requires full confession before it can be

mentioned at all. If you don´t raise some hell, that isn´t

going to change.

 

5. Don´t sell your soul to the gay commercial

culture. Well, go ahead, if you insist, but you´d better

be prepared to accept the butt plug as the

cornerstone of Western civilization. I am dumbfounded by the

number of bright and beautiful men out there who

submerge themselves completely in the quagmire of gay

ghetto life, then wonder why their lives seem loveless

and predictable. What the hell did they expect? If

you have no more imagination than to swap one

schlock-heavy "lifestyle" for another, you

haven´t learned a goddamn thing from the gay experience.

I´m not talking about sex here; I´m talking about

old-fashioned bad taste. No, Virginia, we don´t

all have good taste. We are just as susceptible to

the pitfalls of tackiness as everyone else in the

world. Your pissing and moaning about the shallowness of

other faggots falls on unsympathetic ears when

you´re wearing a T-shirt that says THIS FACE SEATS FIVE.

Not long ago I sat transfixed before my TV screen

while an earnest young man told a gay cable announcer

about his dream of becoming Mr. Leather something-or-other.

He was seeking the title, he said, "in order to

serve the community and help humanity." He wore tit rings

and a codpiece and a rather fetching little

cross-your-heart harness, but he sounded for all the world like a

Junior Miss contestant from Modesto. If our

fledgling culture fails us, it will be because we forgot

how to question it, forgot how to laugh at it in the

very same way we laugh at Tupperware and Velveeta and

the Veterans of Foreign Wars.

 

6. Stop insulting the people who love you by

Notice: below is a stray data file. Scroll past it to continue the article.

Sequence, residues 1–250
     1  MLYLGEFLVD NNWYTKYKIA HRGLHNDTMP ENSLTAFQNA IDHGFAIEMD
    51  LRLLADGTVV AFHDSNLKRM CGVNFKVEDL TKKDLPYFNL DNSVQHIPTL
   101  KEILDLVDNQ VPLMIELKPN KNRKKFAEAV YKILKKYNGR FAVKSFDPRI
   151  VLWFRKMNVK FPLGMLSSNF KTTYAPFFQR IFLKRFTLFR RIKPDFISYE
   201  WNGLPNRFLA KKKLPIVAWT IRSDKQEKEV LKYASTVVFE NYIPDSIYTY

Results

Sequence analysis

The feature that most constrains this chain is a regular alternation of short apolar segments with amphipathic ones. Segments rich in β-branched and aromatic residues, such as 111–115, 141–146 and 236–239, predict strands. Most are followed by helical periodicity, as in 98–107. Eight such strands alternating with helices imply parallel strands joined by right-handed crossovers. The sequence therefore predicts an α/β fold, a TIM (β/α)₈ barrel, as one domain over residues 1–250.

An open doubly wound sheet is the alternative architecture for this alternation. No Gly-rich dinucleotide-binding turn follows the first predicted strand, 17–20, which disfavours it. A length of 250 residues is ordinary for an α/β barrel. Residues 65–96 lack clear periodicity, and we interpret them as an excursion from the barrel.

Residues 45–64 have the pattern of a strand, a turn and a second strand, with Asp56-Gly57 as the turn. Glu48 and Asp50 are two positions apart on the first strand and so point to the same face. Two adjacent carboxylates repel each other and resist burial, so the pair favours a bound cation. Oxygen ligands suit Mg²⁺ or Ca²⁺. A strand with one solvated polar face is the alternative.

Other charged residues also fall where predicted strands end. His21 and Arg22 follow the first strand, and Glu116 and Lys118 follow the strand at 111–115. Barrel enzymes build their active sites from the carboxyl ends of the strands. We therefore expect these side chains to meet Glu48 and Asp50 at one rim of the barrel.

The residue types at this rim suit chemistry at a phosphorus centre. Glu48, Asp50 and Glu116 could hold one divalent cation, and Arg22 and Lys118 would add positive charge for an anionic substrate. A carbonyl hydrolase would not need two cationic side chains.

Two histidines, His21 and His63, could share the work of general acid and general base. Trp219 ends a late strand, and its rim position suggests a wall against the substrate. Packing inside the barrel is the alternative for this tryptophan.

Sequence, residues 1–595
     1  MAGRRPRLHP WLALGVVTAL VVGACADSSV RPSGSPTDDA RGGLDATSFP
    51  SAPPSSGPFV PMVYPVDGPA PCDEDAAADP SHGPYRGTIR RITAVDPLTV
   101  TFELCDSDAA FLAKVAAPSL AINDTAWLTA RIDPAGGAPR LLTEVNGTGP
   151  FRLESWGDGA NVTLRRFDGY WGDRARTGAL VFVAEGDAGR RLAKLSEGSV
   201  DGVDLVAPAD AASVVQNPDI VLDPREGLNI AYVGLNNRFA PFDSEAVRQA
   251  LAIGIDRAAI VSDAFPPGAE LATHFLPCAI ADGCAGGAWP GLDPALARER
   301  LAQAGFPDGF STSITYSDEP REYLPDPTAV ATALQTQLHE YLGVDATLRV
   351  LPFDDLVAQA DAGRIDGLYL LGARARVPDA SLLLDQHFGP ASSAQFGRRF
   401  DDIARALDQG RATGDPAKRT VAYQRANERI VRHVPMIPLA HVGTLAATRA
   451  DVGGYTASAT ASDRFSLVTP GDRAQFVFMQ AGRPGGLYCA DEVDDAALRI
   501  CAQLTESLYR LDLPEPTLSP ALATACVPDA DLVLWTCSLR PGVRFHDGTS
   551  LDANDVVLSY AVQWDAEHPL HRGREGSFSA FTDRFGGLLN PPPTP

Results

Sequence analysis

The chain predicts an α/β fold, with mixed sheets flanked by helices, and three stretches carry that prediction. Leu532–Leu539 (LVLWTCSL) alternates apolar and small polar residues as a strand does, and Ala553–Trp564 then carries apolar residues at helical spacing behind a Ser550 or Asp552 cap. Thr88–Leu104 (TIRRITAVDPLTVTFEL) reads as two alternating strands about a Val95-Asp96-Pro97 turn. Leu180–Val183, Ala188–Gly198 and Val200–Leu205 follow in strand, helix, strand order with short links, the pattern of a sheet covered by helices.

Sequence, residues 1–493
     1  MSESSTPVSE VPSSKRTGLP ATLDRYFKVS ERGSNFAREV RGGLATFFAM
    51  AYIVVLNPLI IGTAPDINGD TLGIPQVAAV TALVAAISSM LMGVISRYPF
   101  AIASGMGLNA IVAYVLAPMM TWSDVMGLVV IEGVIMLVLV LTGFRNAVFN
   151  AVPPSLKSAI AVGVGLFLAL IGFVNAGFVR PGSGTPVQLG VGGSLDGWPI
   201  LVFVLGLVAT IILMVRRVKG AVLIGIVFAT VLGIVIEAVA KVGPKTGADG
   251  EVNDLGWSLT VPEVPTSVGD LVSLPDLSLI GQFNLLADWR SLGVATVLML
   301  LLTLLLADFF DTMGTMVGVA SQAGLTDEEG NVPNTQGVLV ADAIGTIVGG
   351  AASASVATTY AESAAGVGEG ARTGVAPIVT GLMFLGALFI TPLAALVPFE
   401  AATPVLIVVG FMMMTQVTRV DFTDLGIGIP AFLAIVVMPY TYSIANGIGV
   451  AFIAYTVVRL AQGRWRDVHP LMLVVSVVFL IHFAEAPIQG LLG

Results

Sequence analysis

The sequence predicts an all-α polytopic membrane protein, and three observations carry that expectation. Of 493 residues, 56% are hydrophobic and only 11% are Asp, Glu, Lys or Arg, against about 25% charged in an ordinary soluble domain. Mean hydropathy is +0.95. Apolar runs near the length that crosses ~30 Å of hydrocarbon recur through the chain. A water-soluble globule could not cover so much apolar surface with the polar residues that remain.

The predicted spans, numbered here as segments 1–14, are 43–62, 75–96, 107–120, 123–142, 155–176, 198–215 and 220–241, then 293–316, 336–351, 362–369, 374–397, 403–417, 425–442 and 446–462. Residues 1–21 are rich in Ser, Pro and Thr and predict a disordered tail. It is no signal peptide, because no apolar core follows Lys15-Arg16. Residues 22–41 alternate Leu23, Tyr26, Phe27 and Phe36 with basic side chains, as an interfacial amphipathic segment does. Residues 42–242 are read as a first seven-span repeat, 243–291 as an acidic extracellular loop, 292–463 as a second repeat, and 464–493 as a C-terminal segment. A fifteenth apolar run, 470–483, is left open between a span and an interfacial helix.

assuming they don´t know you´re gay. When I began my book

tour, a publicist in New York implored me to leave his

name out of it, because "my family doesn´t know about

my...uh, lifestyle." Maybe not, but they must be

the dumbest bunch this side of Westchester County; I

could tell he was gay over the telephone. When my own

father learned of my homosexuality (he read about it in

Newsweek), he told me he´d suspected as much

since I´d been a teenager. I could´ve made life a lot

easier for both of us if I´d had the guts to say what was on

my mind.

 

7. Learn to feel mortal. If AIDS hasn´t reminded

you that your days are numbered-and always have

been-then stop for a moment and remind yourself. Your days

are numbered, Babycakes. Are you living them for

yourself and the people you love, or are you living them

for the people you fear? I can´t help thinking of a

neighbor of mine, a dutiful government employee

who kept up appearances for years and years, kept

them up until the day he died, in fact-of a heart attack,

in the back row of an all-male fuck-film house.

Appearances don´t count for squat when they stick

you in the ground (all right, or scatter you to the

winds), so why should you waste a single moment

of your life seeming to be something you don´t want

to be? Lord, that´s so simple. If you hate your job,

quit it. If your friends are tedious, go out and find

new ones. You are queer, you lucky fool, and that

makes you one of life´s buccaneers, free from the

clutter of two thousand years of Judeo-Christian

sermonizing. Stop feeling sorry for yourself and start

hoisting our sails. You haven´t a moment to lose.

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Guest dandday

Sean, when I saw your name on this I almost passed, but being a fan of Armistead myself, I was curious. After re-reading (I have read it many times over the years since written) I had to send you an apology from yesterday. Sometimes we all get too busy with whats going on in our own lives, are in a bad mood (my case yesterday as I had had a rather unplesant encounter with an escort the night before, BTW, ONE WHO HAD 2 EXCELENT REVIEWS ON THIS SITE, but in another state) and I did not take the time to respond to the real issue. I'm too long winded and I must get off this thing and do the work on my desk, but you were right, say it out front, not behind the back. I was wrong, I admit it.

Have a dandday.